• To me, the biggest mistake of the week, and certainly of the final round, was Tiger’s decision to get cute and hit a flop shot up and over a bunker into the 11th hole. It checked up and rolled back down and off the green. He failed to get up and down and made double bogey. If he’d have pitched the ball 12-15 past the hole he’d had have a chance to save par and would’ve made no worse than bogey.

• The double bogey felt worse when Tiger made bogey on the 12th hole. This two-hole stretch cost him three shots and he finished three shots off the lead.


Full-field scores from the 147th Open Championship

Full coverage of the 147th Open Championship


• Tiger moved to 50th in the Official World Golf Ranking, which qualifies him for the WGC-Bridgestone Invitational, which he has won eight times.

• One of the best moments of the week came after Tiger’s round when he gave his kids, daughter Sam and son Charlie, long hugs. Tiger said it was especially emotional because both kids knew how much this week meant to their old man. They had only seen Tiger struggle; it was great for them to see his success.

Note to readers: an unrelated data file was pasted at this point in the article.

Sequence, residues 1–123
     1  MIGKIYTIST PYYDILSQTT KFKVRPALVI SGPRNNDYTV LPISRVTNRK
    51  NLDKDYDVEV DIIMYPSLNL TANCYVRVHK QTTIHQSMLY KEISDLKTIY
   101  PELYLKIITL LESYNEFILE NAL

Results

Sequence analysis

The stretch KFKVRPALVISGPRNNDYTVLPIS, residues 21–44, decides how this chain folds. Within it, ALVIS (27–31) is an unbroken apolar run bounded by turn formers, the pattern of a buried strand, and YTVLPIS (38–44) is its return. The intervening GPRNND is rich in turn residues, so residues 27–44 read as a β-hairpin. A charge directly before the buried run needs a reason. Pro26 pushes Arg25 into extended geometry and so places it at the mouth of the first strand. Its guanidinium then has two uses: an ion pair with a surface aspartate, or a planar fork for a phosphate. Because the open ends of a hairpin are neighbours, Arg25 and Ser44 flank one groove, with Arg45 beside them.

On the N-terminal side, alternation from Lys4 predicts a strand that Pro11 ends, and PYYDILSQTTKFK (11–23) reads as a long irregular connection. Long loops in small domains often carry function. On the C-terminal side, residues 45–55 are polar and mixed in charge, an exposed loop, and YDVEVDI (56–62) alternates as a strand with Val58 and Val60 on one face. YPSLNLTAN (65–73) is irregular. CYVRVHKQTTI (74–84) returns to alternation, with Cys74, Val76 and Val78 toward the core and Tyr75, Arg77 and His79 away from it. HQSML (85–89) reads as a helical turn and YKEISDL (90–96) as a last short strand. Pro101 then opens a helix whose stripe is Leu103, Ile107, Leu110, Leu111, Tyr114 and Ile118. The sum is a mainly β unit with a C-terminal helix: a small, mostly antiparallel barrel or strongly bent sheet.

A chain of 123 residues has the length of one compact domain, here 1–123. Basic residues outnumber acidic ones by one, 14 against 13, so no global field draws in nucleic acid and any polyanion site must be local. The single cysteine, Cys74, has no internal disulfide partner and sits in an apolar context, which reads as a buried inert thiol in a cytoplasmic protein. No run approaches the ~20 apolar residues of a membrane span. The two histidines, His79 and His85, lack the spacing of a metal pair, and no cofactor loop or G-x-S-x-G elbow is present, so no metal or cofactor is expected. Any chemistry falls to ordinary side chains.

• Tiger: “Today I did everything the way I thought I needed to do it to win the championship. This entire week, I felt like I needed to keep building my way into this championship. It's one of those where, as I said earlier in the week, it's going to be 10, 12 guys with a chance to win it on Sunday because we're all driving the same areas. Kind of turned out that way. There are a bunch of guys packed, a bunch of guys with a chance to win, and I was one of them.”

• Overall, an amazing week. Truly tremendous to watch.